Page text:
Last month, people detained in a Fayetteville, Arkansas jail became the unwitting subjects of an unsafe experiment — like many incarcerated people before them. In late August, a county official revealed during a budget meeting that a doctor employed at the Washington County Detention Center had been treating COVID-19-positive incarcerated people with ivermectin. The anti-parasitic drug has garnered increased media attention in the last few weeks as poison control centers across the country field an increasing number of calls from people who have misguidedly attempted to treat or prevent COVID-19 with the drug.
The FDA has warned that ivermectin has not been shown to be safe or effective for treatment or prevention of COVID-19, and that the misuse of ivermectin can cause serious harm, including seizures, comas, and even death. As COVID-19 ravages communities in Arkansas, the ACLU is fighting for the detained people who were given non-FDA approved drugs without their informed consent or patient education.
Sadly, the jail’s actions fit into a larger pattern seen across the country during the pandemic. Incarcerated people are not receiving proper medical education or care to protect them from the virus, nor to treat them once infected. Providing unapproved and even toxic “treatment” to incarcerated people without their knowledge or education is not only inhumane and dangerous; it’s also a recipe to create even more mistrust of staff among people in jail.
Following the revelation in Fayetteville, several incarcerated people at the jail contacted the ACLU of Arkansas to report that they were unaware that they had been given ivermectin to treat COVID. They also reported that they have been and are still experiencing adverse side effects from the medication.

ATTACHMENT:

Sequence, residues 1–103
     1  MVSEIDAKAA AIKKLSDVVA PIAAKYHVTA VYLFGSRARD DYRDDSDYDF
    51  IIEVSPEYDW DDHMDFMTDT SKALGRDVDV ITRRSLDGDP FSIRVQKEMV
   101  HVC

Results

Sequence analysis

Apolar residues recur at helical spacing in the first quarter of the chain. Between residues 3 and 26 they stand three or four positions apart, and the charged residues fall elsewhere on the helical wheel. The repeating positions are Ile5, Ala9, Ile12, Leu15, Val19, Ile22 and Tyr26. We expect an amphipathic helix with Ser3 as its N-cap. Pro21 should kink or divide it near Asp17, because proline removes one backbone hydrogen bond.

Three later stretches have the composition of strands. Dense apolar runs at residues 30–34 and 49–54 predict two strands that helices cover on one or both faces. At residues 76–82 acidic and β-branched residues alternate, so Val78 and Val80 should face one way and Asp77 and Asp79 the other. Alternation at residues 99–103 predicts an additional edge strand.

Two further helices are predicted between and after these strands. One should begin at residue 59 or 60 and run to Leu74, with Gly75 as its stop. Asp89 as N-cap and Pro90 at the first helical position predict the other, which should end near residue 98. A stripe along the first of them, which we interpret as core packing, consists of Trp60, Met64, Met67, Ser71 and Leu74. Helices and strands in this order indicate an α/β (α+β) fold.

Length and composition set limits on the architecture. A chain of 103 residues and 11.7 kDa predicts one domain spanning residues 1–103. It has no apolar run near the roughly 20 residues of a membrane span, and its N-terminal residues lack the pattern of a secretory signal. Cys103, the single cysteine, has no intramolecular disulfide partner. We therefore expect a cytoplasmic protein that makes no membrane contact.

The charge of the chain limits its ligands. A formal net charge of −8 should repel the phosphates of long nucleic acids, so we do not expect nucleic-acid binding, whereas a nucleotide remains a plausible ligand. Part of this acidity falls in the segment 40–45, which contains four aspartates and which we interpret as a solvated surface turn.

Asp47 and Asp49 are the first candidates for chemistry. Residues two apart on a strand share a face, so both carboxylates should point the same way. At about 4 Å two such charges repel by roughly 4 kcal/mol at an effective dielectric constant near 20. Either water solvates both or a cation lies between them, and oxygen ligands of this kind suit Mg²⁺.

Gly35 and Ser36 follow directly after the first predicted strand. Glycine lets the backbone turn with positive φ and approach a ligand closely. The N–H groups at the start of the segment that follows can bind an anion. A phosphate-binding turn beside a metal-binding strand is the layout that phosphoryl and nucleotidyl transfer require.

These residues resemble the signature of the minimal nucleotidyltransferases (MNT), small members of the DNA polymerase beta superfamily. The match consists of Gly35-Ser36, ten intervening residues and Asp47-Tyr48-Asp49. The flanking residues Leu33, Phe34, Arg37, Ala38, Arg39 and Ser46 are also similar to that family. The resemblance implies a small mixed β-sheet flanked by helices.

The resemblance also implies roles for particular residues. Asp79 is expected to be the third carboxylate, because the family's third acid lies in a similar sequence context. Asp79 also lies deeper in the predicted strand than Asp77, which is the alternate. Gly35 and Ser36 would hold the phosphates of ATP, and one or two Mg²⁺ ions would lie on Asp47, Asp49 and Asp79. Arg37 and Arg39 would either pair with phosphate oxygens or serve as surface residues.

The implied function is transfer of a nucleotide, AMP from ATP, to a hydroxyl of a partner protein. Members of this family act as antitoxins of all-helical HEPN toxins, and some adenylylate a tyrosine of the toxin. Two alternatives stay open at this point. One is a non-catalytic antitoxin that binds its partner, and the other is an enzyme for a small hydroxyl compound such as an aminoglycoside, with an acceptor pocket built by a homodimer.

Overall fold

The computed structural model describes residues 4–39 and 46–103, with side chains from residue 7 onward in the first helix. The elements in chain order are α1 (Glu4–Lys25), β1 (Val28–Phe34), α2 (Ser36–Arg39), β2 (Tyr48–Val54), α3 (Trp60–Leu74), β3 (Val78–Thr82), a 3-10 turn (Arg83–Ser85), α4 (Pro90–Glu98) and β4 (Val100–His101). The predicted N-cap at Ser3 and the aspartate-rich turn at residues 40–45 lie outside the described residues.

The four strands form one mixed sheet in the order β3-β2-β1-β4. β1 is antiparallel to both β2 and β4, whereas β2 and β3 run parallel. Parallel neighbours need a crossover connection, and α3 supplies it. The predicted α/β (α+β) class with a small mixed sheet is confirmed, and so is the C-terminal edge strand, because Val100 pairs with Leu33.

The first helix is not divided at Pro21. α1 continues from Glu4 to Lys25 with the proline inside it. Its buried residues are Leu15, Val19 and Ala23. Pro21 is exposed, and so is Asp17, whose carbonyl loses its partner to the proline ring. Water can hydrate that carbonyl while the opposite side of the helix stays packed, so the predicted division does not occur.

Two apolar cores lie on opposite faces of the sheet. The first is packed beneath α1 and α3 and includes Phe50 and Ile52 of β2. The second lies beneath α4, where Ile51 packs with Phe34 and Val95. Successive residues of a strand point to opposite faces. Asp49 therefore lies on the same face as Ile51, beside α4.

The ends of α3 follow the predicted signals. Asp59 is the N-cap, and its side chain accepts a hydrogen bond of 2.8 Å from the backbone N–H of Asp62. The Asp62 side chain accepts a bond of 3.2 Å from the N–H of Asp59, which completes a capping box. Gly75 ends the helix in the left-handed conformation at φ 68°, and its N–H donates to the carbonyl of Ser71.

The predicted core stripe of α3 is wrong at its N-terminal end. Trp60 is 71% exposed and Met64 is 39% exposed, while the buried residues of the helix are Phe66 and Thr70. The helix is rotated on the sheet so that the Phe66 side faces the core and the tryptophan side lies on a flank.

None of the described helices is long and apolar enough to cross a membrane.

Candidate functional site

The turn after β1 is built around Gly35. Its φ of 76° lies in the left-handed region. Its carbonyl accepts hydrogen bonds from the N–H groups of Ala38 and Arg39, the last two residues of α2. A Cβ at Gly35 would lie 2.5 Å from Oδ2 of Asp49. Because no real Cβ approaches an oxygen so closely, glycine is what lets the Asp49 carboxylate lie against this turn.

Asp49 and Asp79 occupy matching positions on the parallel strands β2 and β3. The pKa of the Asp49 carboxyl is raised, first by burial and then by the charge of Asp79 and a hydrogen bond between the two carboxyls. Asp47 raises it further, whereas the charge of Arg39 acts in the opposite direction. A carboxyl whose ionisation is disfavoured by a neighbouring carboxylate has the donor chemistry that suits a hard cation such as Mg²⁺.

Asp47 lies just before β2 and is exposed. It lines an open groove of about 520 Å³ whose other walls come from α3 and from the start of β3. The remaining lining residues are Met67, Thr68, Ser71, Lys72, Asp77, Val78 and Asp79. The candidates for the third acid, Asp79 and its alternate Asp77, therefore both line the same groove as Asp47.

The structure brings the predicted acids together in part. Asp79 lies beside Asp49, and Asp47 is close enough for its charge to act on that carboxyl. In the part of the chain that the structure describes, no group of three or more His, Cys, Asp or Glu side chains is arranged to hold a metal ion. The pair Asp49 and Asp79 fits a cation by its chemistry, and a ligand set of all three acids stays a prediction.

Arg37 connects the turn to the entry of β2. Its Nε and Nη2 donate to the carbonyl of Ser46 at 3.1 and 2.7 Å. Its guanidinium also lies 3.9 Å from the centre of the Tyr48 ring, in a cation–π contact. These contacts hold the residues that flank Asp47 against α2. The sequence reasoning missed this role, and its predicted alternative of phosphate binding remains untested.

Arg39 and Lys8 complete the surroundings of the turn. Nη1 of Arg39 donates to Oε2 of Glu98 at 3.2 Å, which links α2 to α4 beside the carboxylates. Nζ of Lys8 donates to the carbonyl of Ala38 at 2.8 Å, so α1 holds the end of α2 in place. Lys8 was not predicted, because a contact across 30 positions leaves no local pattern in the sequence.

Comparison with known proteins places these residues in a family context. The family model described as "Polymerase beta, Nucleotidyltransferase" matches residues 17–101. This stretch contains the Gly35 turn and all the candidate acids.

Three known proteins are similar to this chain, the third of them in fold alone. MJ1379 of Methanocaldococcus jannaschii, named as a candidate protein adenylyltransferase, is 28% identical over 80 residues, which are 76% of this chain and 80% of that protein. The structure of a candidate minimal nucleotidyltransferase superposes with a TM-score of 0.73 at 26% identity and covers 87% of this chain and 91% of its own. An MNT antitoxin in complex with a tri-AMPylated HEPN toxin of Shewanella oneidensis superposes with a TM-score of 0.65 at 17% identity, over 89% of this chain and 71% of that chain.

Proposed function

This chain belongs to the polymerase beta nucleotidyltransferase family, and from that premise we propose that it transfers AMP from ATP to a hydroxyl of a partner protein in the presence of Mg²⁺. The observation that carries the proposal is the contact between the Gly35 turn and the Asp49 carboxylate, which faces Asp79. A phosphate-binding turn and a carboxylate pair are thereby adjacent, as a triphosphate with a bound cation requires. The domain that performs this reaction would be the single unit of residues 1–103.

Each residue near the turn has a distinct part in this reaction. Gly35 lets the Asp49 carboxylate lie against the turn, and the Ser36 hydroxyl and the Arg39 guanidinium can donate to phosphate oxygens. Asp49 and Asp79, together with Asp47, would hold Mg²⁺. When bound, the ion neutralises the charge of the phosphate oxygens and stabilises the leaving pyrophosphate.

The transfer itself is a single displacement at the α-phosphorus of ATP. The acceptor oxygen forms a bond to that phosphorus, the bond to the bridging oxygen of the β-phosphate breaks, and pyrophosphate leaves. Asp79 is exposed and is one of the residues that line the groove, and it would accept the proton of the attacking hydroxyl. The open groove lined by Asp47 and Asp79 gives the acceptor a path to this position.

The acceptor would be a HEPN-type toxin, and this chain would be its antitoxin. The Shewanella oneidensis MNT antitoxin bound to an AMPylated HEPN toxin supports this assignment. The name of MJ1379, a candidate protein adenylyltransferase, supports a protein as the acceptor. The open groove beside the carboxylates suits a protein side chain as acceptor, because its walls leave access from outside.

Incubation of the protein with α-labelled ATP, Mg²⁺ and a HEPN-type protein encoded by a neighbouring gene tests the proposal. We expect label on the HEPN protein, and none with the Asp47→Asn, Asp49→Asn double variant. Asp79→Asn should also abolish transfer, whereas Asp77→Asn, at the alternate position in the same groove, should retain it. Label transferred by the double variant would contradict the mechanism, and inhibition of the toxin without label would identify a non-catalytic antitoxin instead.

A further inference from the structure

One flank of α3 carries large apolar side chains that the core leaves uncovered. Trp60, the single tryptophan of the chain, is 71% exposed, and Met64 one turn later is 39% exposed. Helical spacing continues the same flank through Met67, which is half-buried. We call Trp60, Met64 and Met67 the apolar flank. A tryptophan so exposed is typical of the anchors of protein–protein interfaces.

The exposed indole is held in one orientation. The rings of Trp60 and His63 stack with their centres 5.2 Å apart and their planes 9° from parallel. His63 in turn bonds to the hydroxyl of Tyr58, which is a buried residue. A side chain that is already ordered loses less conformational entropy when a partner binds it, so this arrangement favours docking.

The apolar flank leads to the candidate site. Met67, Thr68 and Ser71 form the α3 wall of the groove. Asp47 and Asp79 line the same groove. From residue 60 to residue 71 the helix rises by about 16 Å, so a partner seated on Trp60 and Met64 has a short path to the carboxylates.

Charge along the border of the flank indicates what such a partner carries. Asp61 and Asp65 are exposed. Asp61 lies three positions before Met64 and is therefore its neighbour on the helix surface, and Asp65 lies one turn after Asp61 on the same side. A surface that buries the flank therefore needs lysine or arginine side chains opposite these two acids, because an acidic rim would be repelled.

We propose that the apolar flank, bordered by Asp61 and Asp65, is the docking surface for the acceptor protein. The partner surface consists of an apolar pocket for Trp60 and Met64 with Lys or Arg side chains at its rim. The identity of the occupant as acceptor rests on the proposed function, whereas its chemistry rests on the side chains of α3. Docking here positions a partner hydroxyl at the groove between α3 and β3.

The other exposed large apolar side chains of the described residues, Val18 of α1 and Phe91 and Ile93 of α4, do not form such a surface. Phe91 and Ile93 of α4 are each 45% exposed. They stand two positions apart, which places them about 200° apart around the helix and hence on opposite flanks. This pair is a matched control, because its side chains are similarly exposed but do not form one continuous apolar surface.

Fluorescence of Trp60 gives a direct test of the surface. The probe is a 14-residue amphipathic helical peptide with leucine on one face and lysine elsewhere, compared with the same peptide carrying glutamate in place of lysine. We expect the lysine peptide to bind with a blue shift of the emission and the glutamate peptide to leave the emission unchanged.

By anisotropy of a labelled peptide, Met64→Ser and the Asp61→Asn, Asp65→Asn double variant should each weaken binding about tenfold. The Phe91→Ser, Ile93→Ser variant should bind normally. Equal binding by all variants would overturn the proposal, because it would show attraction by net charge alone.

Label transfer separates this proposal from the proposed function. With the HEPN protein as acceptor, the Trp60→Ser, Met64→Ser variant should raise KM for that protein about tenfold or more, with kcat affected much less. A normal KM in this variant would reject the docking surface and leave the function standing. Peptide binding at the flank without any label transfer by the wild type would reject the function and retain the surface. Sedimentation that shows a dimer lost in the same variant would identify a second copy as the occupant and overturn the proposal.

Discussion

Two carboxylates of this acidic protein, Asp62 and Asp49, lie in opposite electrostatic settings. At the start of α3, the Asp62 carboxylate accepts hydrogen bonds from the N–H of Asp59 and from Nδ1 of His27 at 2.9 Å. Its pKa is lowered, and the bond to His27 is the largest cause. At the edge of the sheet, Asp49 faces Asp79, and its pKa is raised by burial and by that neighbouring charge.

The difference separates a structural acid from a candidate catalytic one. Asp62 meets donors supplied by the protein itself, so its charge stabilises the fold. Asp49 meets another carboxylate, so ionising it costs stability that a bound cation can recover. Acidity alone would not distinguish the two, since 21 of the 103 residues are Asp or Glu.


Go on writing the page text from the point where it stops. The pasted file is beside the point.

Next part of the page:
Marlana Floreal-Wooten learned that her husband Edrick was one of those COVID-positive patients misled by medical staff at the detention center. Edrick and Marlana report that he was told he was being treated with vitamins and steroids — not a dewormer more commonly used for livestock. When ingested by humans in high doses, ivermectin can cause a number of side effects, including skin rash, nausea, vomiting, diarrhea, stomach pain, facial or limb swelling, and adverse neurologic events. Once it was publicly revealed that he and others at the jail were given ivermectin without their knowledge, Edrick and 20 other people in his housing unit refused to take the pills again.
The ACLU of Arkansas obtained records from Washington County Sheriff Tim Helder’s office, and from Karas Correctional Medical, which is contracted by the jail to provide medical care. As part of our investigation into this incident, we are reviewing the documents connected to COVID-19 precautions and treatment for people in the jail’s custody.
Since the beginning of the pandemic, the ACLU has consistently advocated for reducing the number of people in prisons, jails, and immigration detention centers across the country to prevent the spread of the virus. Yet as the Delta variant surges throughout Arkansas and the rest of the country, Washington County government officials are instead using federal COVID-19 recovery funds to expand the jail and lock up more people.
The pandemic has claimed the lives of more than 7,100 Arkansans, and at least 52 of those people were incarcerated. Yet in the past few weeks, Sheriff Helder sought and obtained approval from county officials to use $250,000 of the state’s federal recovery funds to obtain engineering reports that are required as the first step toward expanding the jail.
As the pandemic stretches on, the Washington County jail continues to detain more than 200 people for merely failing to appear in court during a pandemic. Courts continue to set impossibly high bonds for minor technical offenses, in spite of ample evidence that higher jail populations lead to the spread of COVID-19 throughout communities. Many people are needlessly incarcerated, subject to the risk of infection by COVID-19 — and to dangerous “treatment” for infection.
The ACLU of Arkansas is once again asking jails and prisons throughout the state to safely release as many people as they can. The detention center’s failure to use safe, appropriate, and available treatments for COVID-19, along with county officials’ plan to use relief money to expand the jail rather than reduce its population or provide appropriate medical care is absurd and incongruous. Washington County’s mistreatment of the people in its custody illustrates the larger systemic problem in jails throughout the country of mistreating incarcerated people, and needlessly locking up more people who pose no threat to public safety — even in the midst of a pandemic.